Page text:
Your Android phone will let you do many things at once, even though all of them might not be on your screen. Besides system processes that can do things like checking your location or seeing if you have any new email, apps can be opened and then be left to run in the background while we are doing something else.
A good example would be when you open your favorite music player and cue up a playlist to listen to while you check out Facebook or do a little web browsing. The music app is running in the background, doing its thing while you're looking at something else.
But some apps can be sent completely to the background. In our example of Oreo's Background execution limits, the music player is not on the screen and running as a background app, but it's still interacting with us and playing music. Other apps that we've opened and switched away from should be treated differently because we're not doing anything with them.
This can have an effect on the limited resources of your phone. Apps running can use RAM and take processing time away from other apps that need a turn or even the app you're currently using in the foreground (what you see on your screen.) While Android has always had some restrictions on what an app can do while it's not on your screen, Oreo brings smarter limitations to help conserve system resources and battery life by determining when an app is really in the background and can be idle, then keeping it quiet but ready for when you want to use it again.
While this video is Android Nougat specific, it does a great job explaining how background services can affect the apps you're actively using and ways to keep things in check.
What's new or changed in Oreo
- Background Service Limitations. The system now does a few routine checks to see if an app can be considered as being in the background. It checks to see that the app or any of the activities (things an app can do or initiate) aren't visible on the screen. It then checks to see if another app is connected to it or uses any information from it, and finally, it checks for a few high-priority services like being able to act as a keyboard or if it is actively listening for voice input.
If none of these things are true the app is considered as running in the background. When an app is first considered to be in the background, it has a short window where it's allowed to do its thing in case it needs to start something that would move it to a foreground app or service. Once that time is over the app is forced to be idle. Idle apps are also given short windows periodically in case they need to connect or start services, but other than those times it sits and uses very little resources until we switch back to it.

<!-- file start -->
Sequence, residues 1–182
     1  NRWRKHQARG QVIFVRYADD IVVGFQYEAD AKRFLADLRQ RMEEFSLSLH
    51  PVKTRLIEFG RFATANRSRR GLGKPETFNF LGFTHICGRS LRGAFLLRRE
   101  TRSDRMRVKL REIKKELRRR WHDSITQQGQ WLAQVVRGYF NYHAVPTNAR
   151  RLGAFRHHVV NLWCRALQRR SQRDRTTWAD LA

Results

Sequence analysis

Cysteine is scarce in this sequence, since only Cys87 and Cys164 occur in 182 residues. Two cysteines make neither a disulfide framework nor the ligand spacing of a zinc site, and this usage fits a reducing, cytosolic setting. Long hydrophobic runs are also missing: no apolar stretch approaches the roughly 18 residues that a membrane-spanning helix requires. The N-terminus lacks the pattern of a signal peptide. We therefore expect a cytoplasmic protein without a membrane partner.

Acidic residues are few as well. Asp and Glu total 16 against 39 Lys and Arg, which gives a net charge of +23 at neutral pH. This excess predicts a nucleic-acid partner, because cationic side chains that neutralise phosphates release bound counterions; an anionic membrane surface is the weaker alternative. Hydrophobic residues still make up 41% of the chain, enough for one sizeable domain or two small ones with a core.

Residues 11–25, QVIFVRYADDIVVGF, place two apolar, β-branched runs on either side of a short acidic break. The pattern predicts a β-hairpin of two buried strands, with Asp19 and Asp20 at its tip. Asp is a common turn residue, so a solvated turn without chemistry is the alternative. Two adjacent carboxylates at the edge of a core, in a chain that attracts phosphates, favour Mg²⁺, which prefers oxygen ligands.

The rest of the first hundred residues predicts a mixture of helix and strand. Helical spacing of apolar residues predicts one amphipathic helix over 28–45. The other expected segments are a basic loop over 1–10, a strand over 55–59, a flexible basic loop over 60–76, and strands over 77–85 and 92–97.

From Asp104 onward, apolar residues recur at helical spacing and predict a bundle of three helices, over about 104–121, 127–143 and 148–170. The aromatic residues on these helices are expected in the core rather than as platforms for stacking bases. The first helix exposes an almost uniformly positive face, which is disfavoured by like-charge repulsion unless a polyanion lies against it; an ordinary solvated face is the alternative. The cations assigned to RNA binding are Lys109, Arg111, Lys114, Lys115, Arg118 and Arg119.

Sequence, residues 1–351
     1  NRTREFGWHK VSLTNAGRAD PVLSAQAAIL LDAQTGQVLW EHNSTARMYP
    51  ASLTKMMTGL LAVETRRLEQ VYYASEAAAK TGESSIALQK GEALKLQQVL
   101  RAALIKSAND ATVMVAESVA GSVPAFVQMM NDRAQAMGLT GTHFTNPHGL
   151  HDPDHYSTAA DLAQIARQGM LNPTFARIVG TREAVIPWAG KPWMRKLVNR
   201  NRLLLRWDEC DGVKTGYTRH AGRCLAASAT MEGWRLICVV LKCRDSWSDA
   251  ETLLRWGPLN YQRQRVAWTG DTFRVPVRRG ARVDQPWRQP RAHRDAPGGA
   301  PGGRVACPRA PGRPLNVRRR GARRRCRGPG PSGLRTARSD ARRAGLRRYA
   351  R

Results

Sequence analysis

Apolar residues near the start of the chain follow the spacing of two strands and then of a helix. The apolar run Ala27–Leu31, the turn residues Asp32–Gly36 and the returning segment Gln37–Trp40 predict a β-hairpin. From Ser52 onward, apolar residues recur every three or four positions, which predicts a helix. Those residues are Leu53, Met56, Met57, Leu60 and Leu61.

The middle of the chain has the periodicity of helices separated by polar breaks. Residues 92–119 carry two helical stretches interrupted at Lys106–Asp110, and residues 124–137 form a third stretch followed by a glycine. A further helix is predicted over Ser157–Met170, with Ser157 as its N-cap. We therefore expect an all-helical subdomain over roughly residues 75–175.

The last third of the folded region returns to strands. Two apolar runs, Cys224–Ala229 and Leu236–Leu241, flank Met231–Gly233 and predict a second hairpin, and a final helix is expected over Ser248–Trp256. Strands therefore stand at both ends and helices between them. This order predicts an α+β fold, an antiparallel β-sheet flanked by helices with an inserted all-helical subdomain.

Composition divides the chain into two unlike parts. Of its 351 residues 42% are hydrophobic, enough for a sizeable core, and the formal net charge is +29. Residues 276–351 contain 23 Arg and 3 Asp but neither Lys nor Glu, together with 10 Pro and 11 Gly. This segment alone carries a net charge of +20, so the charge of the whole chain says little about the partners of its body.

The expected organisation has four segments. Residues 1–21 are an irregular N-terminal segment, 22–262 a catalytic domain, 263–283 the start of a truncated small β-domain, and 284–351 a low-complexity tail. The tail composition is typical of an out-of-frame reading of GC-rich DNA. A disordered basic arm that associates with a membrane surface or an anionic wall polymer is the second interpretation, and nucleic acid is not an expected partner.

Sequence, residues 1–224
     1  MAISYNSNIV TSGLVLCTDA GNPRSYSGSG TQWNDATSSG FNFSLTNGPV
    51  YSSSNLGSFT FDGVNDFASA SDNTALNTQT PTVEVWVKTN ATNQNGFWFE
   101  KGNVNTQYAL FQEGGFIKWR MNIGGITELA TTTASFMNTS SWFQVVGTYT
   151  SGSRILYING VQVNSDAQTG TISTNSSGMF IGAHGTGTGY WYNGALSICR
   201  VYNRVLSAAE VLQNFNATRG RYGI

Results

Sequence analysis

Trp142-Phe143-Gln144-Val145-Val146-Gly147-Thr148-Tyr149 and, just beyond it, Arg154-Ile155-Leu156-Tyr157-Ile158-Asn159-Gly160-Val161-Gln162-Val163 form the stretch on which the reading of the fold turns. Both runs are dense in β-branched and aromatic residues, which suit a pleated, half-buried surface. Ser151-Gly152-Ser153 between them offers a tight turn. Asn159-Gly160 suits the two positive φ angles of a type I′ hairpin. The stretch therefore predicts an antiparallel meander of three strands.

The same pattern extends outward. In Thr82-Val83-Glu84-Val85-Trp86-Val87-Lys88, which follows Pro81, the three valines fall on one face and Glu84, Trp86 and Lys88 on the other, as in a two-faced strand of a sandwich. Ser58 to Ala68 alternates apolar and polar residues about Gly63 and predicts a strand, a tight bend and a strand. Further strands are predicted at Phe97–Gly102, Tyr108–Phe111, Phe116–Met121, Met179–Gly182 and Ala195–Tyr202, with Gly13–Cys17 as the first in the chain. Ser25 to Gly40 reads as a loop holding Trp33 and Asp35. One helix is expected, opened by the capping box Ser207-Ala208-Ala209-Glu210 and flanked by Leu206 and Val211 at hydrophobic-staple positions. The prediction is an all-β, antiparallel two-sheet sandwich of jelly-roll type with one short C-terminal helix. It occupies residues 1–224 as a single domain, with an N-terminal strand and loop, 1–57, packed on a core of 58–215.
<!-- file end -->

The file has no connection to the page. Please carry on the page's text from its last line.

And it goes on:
- Broadcast Limitations. Broadcasts are done by the system when specific events happen. When you switch your phone in and out of Airplane Mode, for example, a broadcast is sent to let apps know what happened. Developers can set up their apps to listen for specific broadcasts and write code so the apps do something when they happen. If an app is listening for broadcasts, every time one is sent the app uses system resources to see if any action is needed.
Apps built for Oreo can no longer register to listen for broadcast messages that don't directly target the app itself unless they are started and running (not in the background according to the rules above). These changes started with Android N, and changes in Oreo are a bit more strict. Because this could limit what a developer might want to do, new tools to schedule specific jobs using their own apps processes have been developed. There are also a few broadcasts exempt from all of this, like when the time zone changes or the phone was plugged into the charger. Every app can listen for those, and react accordingly.
By limiting how an app can listen and what it can listen for, apps that have been designated as being in the background won't wake up to see if they need to do anything as often. "Sleeping" apps use far fewer resources.
Why you'll love it
We want our phones to do a lot of things. But no matter what we're asking it to do, while we are looking at the screen we expect things to be smooth and responsive.
We've all felt the frustration that comes with keyboard lag once in a while, and it's not a good experience. By keeping a tighter leash on the apps we're not looking at, memory, processing power, and battery life is used more efficiently and we'll see less of things like keyboard lag. The end user — that's us! — doesn't have to do anything here because these changes are part of the system. Even better, older apps that weren't built with Oreo in mind can be set to follow these rules from the apps setting page.
Changes like this get combined with the great hardware we see every year and mean your phone can do the things you ask of it even better!